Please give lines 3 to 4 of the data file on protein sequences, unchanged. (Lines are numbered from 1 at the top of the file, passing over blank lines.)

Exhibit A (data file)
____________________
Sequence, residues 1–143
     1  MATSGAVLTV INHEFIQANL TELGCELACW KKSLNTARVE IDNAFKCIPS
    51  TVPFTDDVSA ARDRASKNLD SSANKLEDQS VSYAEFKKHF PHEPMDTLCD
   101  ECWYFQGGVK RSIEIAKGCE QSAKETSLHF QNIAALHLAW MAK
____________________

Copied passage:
    51  TVPFTDDVSA ARDRASKNLD SSANKLEDQS VSYAEFKKHF PHEPMDTLCD
   101  ECWYFQGGVK RSIEIAKGCE QSAKETSLHF QNIAALHLAW MAK